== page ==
A guide to the first 100 days as CFO

by House of Control | Sep 14, 2020 10:35:30 PM

As a key individual within the company, you must make sure to lay a solid foundation for yourself and your role as CFO from the start. We have studied best practice and prepared a “to do” list for the first 100 days.

In this article, we are presenting the best advice McKinsey, EY and other leading companies have for freshly minted CFOs, and describe what should be accorded priority during the first quarter. We have studied the advice from the experts and “distilled the best of the best”.


  1. Study the company’s balance sheet. One of our sources calls this the First Commandment for CFOs. A well-ordered balance sheet is fundamental to everything you will have to get done in the role of CFO. With the help of smart tools, you can build up an accurate overview of assets, claims, liabilities and debt.


  1. Be prepared for the unexpected. The challenges you and the company are facing will often be different and bigger than those mentioned during the job interview.


  1. Familiarise yourself with the strategy and understand the business. Have in-depth discussions with the CEO and the Chairman of the Board about how the company puts its strategy into practice. Look for areas of non-conformance, and ask why any investments, cuts and other changes agreed upon have not been made.


  1. Review key documents. This applies in particular to the strategy (as mentioned above), but also to minutes from board meetings and audit reports. Hold meetings with auditors and others to discuss the company’s status.


  1. Ask “stupid” questions. As you are a new member of the company and not influenced by its history, asking “stupid” questions may shed light on fundamental issues that have been overlooked.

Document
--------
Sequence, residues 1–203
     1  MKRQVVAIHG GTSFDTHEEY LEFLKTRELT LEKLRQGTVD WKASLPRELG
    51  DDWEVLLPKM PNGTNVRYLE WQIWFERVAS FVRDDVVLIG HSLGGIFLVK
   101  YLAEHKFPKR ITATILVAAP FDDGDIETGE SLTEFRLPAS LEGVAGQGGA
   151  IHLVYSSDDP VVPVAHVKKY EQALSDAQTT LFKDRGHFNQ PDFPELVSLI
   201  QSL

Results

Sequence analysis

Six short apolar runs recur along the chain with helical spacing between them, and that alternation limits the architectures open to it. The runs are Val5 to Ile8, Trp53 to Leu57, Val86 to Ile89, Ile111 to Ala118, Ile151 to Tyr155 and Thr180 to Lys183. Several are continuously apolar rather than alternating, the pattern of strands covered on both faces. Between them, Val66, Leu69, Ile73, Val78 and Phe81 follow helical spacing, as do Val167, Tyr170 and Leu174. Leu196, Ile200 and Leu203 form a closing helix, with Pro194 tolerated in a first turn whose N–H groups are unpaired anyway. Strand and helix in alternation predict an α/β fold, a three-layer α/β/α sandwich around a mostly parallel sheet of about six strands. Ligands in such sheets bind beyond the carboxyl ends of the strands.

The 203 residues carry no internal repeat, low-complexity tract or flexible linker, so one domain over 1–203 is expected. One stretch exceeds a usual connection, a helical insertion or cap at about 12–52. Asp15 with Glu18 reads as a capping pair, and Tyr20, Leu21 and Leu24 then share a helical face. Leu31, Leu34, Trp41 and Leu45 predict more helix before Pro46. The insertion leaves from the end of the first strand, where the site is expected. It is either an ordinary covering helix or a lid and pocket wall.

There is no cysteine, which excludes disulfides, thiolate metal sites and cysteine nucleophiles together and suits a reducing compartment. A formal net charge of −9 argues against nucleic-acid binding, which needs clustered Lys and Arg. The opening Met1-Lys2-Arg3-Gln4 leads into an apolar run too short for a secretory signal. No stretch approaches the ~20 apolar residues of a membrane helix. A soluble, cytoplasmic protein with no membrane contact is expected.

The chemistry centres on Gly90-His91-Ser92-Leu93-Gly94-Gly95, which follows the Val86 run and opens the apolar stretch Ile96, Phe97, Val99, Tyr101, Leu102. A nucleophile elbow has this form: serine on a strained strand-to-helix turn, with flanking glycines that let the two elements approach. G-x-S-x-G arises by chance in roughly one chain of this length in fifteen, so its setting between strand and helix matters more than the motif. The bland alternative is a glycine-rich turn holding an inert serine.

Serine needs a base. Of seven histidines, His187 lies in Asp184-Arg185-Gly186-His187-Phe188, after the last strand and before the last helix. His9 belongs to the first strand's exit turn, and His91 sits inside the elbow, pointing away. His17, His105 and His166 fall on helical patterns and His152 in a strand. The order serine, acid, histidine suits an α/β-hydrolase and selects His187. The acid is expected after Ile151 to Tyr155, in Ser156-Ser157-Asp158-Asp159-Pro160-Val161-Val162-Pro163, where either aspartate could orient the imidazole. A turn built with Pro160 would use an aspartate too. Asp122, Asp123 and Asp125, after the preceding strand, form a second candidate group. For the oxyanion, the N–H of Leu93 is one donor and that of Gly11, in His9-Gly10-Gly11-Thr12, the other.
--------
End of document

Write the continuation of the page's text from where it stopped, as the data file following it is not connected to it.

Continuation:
1. Prepare a profit analysis. This is already part of your DNA, so there’s no need to go into detail. But how are profits looking compared to the goals in the strategy and action plans?


  1. Perform a cash flow analysis. Review previous reports and look to the future. Run a stress test where you compare the worst, expected and best case scenarios for money flowing in and out of the company bank account. Do you have a reasonable idea of how the company’s obligations will affect cash solvency in Q3 next year?


  1. Build up an overview of which estimates you need to deliver. Budgeting, forecasts and, perhaps, investment analyses are among the reports the CFO is usually responsible for delivering. Precise estimates generally require you to have a good handle on the preceding points.


  1. Become leader of the team. Most CFOs have colleagues in the department – with different roles, responsibilities and skills. Find out who you can rely on when it comes to detailed issues, so that you can leave the details to them while you concentrate on the overarching issues.


  1. Find a mentor. Newly minted CFOs interviewed by McKinsey highlighted the value of a mentor, but many of them were less than satisfied that their particular mentor was the CEO. One tip is to find an external and trustworthy mentor, and/or to participate in network meetings.